There Is Need for Repentance


So many timely subjects have been discussed today, beginning with the great address by President Lee, that I have been edified and I am sure that you have been as well. Now I humbly pray that I may not detract from but may add a little bit to your thinking and doing as we consider the second great principle of the gospel. I feel there is need for it.

The primary purpose of the gospel and of the Church is to provide a pattern for living and a prescription for happiness and success—here and hereafter. President McKay declared on many occasions that next in importance to life itself is the privilege of directing that life. To direct one’s life is a privilege. It is also a real personal responsibility.

Speaking to his sons, Lehi explained this by saying: “Wherefore, men are free. … They are free to choose liberty and eternal life, through the great mediation of all men, or to choose captivity and death, according to the captivity and power of the devil; for he seeketh that all men might be miserable like unto himself.

“And now, my sons, I would that ye should look to the great Mediator and hearken unto his great commandments; and be faithful unto his words, and choose eternal life, according to the will of his Holy Spirit;

“And not choose eternal death, according to the will of the flesh and the evil which is therein, which giveth the spirit of the devil power to captivate, to bring you down to hell, that he may reign over you in his own kingdom.” (2 Ne. 2:27–29.)

Because sin is such a devastating, destructive force, the great principle of repentance was provided by our Lord and Savior, Jesus Christ, to extricate ourselves from the clutches of sin. Without the blessed privilege of repentance, we would have but little incentive to improve our lives.

Repentance isn’t easy. It takes ability. It takes self-discipline and humility.

Repentance is not a negative teaching, but rather it is a positive process of building good character.

Repentance could become a remedy for most spiritual ills. However, it is not a mere superficial, shallow-rooted expression of regret.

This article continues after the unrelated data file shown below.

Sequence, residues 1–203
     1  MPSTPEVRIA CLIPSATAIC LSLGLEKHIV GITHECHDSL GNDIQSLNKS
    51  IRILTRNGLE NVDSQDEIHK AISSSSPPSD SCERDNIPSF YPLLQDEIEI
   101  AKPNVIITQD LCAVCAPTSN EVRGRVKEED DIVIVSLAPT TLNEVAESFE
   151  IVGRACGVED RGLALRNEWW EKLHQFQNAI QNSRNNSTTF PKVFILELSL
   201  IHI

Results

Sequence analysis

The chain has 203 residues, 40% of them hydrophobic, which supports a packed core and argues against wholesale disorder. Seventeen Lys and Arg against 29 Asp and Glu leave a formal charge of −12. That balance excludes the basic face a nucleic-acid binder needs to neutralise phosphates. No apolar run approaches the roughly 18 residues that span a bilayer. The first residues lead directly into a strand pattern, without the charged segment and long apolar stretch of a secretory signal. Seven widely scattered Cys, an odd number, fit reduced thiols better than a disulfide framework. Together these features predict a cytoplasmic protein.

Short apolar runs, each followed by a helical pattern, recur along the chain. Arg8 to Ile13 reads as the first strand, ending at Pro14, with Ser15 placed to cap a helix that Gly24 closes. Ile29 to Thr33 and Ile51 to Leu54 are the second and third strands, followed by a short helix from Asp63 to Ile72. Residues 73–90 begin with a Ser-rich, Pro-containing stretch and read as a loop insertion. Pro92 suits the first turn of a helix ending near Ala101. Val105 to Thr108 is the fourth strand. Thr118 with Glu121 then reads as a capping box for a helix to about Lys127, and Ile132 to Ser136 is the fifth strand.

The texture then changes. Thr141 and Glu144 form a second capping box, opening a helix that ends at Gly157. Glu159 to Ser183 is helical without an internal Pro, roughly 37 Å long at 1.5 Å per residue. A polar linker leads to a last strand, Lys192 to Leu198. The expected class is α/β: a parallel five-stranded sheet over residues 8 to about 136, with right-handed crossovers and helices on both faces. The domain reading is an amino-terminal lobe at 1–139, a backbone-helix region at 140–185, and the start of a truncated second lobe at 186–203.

What, then, is true repentance?

President Joseph F. Smith declared that: “True repentance is not only sorrow for sins, and humble penitence and contrition before God, but it involves the necessity of turning away from them [sins], a discontinuance of all evil practices and deeds, a thorough reformation of life, a vital change from evil to good, from vice to virtue, from darkness to light. Not only so, but to make restitution, so far as it is possible, for all the wrongs we have done, to pay our debts, and restore to God and man their rights—that which is due to them from us. This is true repentance, and the exercise of the will and all the powers of body and mind is demanded, to complete this glorious work of repentance; [only] then God will accept it.” (Gospel Doctrine, p. 123.)

If one truly repents, it will be manifested by his works, for, “By this ye may know if a man repenteth of his sins —behold, he will confess them and forsake them.” (D&C 58:43.)

Thus repentance calls for a heartfelt sorrow for sin resulting not only in a cessation thereof but also in reformation of life. That’s the important thing—a reformation of life!

To repent isn’t exactly popular these days. Yet the Lord expects each of us to repent, to improve, and to conscientiously reform our lives. In fact, he set for us a lofty goal, saying:

“Be ye therefore perfect, even as your Father which is in heaven is perfect.” (Matt. 5:48.)

Admittedly, this is an imperfect world. Nevertheless, each of us should be constantly striving toward perfection.

1. “Let him that stole steal no more. …” (Eph. 4:28.)

2. “… let virtue garnish thy thoughts unceasingly. …” (D&C 121:45.)

3. “… pray for them which despitefully use you, and persecute you.” (Matt. 5:44.) Destroy your enemies by making them your friends.

4. Let the unkind among us become considerate.